says Dr. Gilberg-Lenz, "and they need to get their acts together. Even those of us who are out there speaking publicly, we have to be very careful that we are letting people know that we are really are there for them. We have to stand up for our patients." Dr. Faina Gelman-Nisanov a board-certified OB-GYN with licenses to practice medicine in New York and New Jersey, says, "I have seen pharmacists call me more often, and ask me how I prescribe these [abortion] medications we're prescribing because they want to be supportive of patients, and educate themselves more." 

When we look back on this year and what it has meant for reproductive rights, it's the individual stories that stand out. Stories of frustrated doctors and concerned pregnant or potentially pregnant individuals, grappling for compassionate support and medical attention. Dr. Faina Gelman-Nisanov recounts a recent conversation with a client. "I had a patient this week with a desired pregnancy. She's super happy about it," she says. "She's going to the Midwest. I asked her, 'Where are you going? Who's going to be there? Have you told anyone that you're pregnant?' My advice is to no longer tell anyone that you're pregnant. Only you and your partner should know. She and I looked at the laws in that state. We looked at nearby hospitals. And for her, it's actually more beneficial to drive to a hospital in California, because the providers in her state may or may not provide her with care. I had to explain to her that there's no guarantee that if she has a hemorrhage, that she will be provided with life-saving treatment. What you keep hearing again and again is that hospitals are waiting for administrators, are waiting for their lawyers to give approval to give a transfusion and to perform a simple D&C to stop the bleeding. So now my patient has to be aware of who's around her, what their political beliefs are, whether or not they know she's pregnant, how they feel about her. And the closest hospital, for her this holiday season, is four hours away."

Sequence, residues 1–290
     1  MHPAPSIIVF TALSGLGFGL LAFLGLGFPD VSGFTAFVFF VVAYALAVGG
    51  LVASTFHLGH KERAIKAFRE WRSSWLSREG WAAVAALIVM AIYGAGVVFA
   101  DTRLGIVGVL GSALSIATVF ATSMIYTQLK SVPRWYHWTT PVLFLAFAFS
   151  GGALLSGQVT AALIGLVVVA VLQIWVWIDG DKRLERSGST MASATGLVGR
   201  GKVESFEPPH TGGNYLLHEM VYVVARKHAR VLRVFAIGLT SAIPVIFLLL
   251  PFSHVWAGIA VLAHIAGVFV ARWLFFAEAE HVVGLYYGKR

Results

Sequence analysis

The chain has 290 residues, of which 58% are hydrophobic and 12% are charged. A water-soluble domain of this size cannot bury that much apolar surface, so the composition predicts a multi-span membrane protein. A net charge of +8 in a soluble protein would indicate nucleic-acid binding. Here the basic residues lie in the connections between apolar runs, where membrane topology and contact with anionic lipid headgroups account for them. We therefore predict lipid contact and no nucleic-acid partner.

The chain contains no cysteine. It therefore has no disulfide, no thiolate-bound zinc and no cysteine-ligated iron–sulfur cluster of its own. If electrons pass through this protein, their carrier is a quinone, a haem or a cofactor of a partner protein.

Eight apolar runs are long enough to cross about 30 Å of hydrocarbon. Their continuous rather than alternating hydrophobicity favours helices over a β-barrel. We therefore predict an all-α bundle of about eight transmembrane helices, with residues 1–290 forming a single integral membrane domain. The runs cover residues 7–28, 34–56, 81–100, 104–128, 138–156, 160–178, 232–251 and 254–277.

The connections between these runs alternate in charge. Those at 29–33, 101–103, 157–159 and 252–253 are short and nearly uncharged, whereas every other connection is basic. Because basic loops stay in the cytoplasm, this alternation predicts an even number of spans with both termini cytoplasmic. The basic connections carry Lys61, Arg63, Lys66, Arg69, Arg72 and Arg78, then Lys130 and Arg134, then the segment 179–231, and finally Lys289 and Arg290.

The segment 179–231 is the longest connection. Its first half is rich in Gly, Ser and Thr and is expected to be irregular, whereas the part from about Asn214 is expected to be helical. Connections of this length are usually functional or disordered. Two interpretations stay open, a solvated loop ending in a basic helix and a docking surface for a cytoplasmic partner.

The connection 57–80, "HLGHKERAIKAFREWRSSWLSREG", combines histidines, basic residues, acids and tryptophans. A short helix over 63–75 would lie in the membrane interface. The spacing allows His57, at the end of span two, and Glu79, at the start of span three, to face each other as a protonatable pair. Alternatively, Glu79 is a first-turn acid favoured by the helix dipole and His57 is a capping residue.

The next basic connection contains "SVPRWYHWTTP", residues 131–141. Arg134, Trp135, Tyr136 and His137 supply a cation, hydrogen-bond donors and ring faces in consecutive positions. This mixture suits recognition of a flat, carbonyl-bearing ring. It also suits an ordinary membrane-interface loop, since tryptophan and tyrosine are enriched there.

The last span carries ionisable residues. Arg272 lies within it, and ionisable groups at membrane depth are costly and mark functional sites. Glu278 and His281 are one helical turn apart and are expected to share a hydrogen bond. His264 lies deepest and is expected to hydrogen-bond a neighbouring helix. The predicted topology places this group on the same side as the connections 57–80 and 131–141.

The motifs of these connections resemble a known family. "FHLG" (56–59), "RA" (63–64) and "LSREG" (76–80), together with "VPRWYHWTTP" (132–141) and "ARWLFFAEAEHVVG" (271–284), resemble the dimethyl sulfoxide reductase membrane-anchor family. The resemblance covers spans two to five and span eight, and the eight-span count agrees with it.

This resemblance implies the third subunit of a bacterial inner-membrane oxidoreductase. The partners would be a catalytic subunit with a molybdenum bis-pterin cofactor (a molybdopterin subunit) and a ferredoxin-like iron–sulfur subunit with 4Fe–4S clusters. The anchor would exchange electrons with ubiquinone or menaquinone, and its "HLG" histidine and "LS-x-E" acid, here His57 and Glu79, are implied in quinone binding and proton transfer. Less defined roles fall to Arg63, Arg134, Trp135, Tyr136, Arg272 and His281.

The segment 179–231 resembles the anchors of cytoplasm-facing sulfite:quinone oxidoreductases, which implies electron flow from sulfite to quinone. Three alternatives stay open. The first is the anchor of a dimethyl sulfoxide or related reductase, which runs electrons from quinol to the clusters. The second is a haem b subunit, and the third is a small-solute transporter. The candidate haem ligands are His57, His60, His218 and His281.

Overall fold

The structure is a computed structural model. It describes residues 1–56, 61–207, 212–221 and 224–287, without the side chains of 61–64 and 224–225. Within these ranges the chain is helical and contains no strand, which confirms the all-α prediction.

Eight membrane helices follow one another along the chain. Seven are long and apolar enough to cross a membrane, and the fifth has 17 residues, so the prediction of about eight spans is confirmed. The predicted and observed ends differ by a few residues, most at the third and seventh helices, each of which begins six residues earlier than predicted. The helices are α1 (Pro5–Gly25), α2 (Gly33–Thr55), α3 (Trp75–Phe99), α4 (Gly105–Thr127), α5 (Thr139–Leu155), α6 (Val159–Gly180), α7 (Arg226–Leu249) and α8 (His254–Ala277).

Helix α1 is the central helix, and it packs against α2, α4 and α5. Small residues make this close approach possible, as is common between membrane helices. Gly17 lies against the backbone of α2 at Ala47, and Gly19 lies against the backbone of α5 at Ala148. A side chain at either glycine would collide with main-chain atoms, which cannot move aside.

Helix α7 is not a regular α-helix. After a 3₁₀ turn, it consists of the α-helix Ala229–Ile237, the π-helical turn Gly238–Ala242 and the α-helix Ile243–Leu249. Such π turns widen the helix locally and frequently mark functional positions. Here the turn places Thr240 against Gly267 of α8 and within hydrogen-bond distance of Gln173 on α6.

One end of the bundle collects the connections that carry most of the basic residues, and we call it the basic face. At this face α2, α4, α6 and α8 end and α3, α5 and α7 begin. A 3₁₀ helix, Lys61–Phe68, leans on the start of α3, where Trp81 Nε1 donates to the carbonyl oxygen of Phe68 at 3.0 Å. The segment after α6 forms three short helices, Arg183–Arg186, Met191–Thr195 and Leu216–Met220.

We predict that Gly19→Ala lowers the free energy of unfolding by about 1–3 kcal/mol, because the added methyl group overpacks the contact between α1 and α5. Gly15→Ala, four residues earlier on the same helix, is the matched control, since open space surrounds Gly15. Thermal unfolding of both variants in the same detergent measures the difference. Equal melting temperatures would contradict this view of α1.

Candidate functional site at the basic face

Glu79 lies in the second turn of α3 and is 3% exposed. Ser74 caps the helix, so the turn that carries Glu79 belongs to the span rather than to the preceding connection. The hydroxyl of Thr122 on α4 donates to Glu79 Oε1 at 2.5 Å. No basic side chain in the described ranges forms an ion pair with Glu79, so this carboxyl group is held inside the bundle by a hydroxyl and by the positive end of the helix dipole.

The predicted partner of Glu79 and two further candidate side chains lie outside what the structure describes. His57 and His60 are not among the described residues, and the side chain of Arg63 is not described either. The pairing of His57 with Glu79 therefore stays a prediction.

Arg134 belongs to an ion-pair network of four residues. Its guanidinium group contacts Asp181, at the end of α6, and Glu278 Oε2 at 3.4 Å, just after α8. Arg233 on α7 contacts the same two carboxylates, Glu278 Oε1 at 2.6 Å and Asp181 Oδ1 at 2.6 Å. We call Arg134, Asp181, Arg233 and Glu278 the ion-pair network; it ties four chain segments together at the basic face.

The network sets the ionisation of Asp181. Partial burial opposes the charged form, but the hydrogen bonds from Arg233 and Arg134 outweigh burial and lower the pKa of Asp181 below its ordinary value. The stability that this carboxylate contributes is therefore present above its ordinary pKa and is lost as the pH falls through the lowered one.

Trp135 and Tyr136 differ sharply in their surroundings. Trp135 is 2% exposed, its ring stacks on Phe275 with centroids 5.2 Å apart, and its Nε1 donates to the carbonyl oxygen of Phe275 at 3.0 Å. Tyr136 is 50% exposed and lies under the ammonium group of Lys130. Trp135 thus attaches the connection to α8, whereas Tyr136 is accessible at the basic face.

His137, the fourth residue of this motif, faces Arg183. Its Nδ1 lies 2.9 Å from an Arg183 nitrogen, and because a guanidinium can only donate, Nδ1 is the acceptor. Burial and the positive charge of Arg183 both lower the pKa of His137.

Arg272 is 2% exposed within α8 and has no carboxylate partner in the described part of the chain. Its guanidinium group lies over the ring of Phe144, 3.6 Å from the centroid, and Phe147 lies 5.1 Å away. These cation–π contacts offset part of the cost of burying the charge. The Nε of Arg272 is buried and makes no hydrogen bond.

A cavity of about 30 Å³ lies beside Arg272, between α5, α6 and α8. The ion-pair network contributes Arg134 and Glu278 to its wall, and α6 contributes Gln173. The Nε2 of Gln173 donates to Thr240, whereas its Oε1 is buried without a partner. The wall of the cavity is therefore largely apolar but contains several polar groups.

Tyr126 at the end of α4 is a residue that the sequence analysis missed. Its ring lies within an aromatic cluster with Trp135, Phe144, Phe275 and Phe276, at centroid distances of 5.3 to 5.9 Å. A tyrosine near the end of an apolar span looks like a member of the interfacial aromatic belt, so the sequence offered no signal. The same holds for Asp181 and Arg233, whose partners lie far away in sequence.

By Mary Elizabeth Williams

Mary Elizabeth Williams is a senior writer for Salon and author of "A Series of Catastrophes & Miracles."

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Abortion Analysis Dobbs Health Health Care Roe V. Wade